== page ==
The Need for Harmonized Retail
The modern customer is no longer a bystander waiting to learn about the latest trends from the retailer. The modern customer is an educated, tech-savvy, informed decision-maker who is up-to-date with the latest trends. Customers are no longer logging in to websites with the intention of making their purchase decision after viewing all the products available to them, they go with a focused determination to make an informed choice. The same goes for brick and mortar stores.
A research paper published in 2014 by Forrester found that:
- 56% of consumers have used their mobile device to research products at home
- 38% used their mobile device to check inventory availability while on their way to a store
- 34% used their mobile device to research products while in a store.
This just shows that the customer has made their purchase decision before they even walked into the store. An omnichannel experience limited to only resolving post-purchase issues adds no significant data to this stage of the purchase life cycle even though this stage is where the customers actually form their view about the experience provided.
Customers have moved past the point where they only wanted the convenience provided by online stores. They still long for the personal touch when they go shopping and as such, they still look for brick and mortar stores. Research by Google in 2014 showed that 3 out of 4 people who find local information in search results are more likely to visit stores. The digital age is not driving customers away from physical stores, but bringing them back.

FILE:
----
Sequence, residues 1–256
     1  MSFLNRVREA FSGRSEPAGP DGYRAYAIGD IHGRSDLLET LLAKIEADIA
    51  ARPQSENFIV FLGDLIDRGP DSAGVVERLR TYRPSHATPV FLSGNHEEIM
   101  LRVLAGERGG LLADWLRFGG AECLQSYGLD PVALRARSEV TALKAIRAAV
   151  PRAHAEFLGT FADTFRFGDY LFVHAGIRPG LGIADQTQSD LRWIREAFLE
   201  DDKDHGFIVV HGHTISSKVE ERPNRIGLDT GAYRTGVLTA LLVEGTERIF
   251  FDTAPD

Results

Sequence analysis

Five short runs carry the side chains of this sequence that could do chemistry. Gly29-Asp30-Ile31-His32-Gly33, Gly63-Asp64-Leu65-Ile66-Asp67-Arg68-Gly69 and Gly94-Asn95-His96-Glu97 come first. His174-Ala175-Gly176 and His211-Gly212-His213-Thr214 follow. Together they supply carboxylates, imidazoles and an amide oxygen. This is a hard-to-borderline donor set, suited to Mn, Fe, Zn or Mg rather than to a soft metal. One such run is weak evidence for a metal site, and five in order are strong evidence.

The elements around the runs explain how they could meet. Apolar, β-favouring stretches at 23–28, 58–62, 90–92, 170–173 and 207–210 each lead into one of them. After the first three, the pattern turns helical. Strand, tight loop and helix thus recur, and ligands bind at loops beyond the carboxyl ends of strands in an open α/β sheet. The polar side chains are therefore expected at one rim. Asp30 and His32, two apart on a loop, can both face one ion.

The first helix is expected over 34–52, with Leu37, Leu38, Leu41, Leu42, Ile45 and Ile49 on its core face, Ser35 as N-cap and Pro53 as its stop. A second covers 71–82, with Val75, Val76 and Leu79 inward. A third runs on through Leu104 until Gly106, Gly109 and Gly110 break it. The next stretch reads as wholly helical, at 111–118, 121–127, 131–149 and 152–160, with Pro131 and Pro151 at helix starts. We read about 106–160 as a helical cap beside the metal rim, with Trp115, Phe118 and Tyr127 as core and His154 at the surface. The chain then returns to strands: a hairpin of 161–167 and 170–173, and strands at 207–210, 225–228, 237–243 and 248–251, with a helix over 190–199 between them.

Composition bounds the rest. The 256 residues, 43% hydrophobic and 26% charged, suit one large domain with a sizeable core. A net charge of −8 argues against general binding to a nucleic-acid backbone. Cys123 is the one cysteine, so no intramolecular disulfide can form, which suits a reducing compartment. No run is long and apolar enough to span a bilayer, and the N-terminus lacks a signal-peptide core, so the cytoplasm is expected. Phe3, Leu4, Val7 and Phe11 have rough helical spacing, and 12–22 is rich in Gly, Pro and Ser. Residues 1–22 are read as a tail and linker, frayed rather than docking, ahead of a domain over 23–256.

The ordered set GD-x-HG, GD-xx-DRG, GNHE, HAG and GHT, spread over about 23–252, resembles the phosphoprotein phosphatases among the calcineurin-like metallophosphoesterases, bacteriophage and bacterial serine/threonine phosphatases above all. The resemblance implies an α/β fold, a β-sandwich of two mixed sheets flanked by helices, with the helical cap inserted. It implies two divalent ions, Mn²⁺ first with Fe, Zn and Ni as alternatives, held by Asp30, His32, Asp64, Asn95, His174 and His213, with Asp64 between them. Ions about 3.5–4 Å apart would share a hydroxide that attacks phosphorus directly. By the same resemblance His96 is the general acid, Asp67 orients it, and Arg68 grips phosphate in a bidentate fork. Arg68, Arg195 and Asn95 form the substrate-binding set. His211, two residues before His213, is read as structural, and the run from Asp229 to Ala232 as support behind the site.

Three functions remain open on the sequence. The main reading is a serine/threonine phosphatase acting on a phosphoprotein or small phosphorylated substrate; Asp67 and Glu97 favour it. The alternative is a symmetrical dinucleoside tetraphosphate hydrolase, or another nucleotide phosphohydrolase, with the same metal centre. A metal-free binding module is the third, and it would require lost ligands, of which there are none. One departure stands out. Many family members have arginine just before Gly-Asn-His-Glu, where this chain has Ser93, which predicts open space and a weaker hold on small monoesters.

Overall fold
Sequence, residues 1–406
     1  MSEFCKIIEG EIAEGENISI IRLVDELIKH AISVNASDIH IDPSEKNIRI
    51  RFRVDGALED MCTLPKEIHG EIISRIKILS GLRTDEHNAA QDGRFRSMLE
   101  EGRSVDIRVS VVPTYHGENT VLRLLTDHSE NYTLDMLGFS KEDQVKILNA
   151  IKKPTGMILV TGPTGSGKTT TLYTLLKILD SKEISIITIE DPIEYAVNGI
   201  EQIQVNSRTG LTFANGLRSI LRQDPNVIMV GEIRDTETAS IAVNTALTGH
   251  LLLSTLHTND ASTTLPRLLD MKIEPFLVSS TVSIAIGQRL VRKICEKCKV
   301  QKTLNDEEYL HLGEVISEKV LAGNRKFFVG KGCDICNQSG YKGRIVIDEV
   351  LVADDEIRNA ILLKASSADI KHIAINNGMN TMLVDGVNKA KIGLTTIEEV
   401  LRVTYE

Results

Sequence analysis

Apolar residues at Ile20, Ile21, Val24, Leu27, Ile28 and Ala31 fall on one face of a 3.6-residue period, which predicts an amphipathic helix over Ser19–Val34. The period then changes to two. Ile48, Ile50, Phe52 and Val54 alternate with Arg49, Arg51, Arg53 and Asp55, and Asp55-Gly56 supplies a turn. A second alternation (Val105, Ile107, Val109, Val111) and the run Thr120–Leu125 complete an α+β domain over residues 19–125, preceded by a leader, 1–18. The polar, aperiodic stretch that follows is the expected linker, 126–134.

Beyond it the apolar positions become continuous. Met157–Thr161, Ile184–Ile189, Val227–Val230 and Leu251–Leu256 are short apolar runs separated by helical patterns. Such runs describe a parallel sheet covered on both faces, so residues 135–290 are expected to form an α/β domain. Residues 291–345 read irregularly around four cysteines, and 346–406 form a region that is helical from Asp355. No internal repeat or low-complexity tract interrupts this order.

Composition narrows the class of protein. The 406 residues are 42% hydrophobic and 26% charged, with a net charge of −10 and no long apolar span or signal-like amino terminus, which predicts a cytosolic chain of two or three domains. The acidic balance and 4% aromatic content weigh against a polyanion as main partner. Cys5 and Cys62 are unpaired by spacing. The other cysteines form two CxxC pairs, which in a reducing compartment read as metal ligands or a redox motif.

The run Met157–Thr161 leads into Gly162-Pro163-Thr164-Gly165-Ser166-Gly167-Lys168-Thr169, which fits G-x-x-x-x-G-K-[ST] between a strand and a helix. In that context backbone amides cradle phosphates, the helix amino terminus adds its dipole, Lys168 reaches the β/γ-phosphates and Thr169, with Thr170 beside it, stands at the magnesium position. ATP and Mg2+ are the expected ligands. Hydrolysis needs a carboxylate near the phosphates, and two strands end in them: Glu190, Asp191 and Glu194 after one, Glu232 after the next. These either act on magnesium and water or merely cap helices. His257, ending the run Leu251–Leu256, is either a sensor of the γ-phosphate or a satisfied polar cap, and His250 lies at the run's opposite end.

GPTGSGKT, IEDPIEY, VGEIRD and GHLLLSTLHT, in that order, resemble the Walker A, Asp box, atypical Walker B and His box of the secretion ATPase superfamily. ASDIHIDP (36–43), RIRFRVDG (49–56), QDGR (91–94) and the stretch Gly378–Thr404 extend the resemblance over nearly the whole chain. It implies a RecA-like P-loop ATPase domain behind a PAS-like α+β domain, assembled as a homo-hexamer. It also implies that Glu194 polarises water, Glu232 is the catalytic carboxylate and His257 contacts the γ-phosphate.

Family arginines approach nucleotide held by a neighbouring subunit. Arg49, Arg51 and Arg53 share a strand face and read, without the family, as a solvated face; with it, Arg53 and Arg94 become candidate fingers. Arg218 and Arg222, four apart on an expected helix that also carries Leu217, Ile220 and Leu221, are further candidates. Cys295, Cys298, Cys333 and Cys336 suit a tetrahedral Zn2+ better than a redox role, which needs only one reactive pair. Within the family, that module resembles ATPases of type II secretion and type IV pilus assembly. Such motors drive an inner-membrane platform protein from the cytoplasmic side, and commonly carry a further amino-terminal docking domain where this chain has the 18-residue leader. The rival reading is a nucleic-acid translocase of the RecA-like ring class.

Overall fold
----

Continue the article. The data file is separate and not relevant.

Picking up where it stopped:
In short, the digital experience influences the sales of a store and vice versa.
Sephora: The Harmonized Retail Brand
In a podcast, Sephora’s EVP of Omni Retail Mary Beth Laughton discusses the success formula of winning at customer experience.
Mary Beth talks about meeting the needs of savvy customers and creating a modern retail organization. But first, she talks about keeping the teams aligned across all channels and how teams (both offline and online) forecast the growing needs of the customers. So, she made sure that the teams across the channels had just one goal in mind – the overall sales of the brand, and not the sales through their particular channel.